An unmanned MQ-8B Fire Scout helicopter can launch by itself, fly by itself -- and with a single slip, can nearly blow up by itself.
According to a June 24 report from the Defense Department's director of operational test and evaluation, the critical error came when the drone's operator accidentally pressed the spacebar with a wire from his headset -- launching the self-destruct mechanism on the vehicle.
Several steps are required to complete the self-destruct procedure, explains a story on Navy News, and the Fire Scout was saved in the end. But the link between operator and drone was highlighted in the report as a key technological weakness to a drone able to complete just 29 of 58 assigned missions while on the frigate Halyburton.
The MQ-8B Fire Scout failed 10 of 10 test missions at Naval Air Station Patuxent River, Md., as well. In fact, the same glitch led one of the aircraft to fly uncontrolled from the station into restricted airspace near Washington, D.C., before control was regained.
“There are certainly some things that we agree with [in] the report and certainly some things that we don’t, many of which, in the category of the ones we don’t, are based on timing and the data available at the time of the DoD report,” said George Vardoulakis, a vice president for tactical unmanned systems at Northrop Grumman, which makes the Fire Scout.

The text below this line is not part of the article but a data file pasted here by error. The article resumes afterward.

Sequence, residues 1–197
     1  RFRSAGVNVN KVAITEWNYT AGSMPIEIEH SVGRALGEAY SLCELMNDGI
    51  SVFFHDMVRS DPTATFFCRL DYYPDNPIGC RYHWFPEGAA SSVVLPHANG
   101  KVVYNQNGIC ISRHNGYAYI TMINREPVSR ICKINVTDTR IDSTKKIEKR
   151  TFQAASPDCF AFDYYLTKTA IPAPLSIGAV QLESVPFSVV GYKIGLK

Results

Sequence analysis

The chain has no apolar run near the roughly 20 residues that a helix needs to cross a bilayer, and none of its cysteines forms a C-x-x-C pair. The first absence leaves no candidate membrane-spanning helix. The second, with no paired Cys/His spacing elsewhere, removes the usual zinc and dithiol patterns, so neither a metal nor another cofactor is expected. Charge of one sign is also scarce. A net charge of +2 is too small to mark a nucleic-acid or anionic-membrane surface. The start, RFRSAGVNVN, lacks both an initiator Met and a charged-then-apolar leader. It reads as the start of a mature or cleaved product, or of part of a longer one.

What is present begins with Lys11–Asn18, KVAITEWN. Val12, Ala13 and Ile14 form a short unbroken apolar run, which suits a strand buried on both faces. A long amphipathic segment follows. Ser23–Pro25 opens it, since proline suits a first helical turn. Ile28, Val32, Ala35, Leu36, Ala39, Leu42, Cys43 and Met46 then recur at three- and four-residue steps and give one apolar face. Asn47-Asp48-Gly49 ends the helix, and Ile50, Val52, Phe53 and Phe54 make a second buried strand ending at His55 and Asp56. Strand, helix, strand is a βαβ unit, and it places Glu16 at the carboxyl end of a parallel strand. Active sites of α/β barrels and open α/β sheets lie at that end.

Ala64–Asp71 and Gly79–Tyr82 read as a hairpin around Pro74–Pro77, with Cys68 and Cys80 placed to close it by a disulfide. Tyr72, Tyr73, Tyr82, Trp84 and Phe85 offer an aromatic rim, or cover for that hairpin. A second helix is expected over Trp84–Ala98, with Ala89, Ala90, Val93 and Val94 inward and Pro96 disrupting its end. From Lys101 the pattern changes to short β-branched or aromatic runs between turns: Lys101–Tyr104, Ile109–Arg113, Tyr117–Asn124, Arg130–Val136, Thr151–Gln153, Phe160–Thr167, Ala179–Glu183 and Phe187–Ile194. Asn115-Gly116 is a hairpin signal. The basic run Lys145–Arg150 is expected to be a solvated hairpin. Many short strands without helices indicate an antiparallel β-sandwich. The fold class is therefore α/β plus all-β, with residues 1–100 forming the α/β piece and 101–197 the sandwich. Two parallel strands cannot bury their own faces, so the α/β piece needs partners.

Vardoulakis said the problems on Halyburton were largely caused by a broken antenna. Once repaired, the mission success rate skyrocketed to more than 97 percent, he said, a number reiterated by the Navy.
Both said that recent missions have been far more successful and upgrades have stabilized the platform. Still, that faulty data link -- which sometimes crashed while the Fire Scout was airborne, forcing operators to re-connect midflight or abort their mission -- results in launch times that take more than an hour longer than planned (the average delay is 67 minutes), according to Navy News.
The report’s authors concluded that the aircraft could become a $2.8 billion program incapable of providing ground troops with time-sensitive intelligence.
The Navy plans to buy up to 168 Fire Scouts.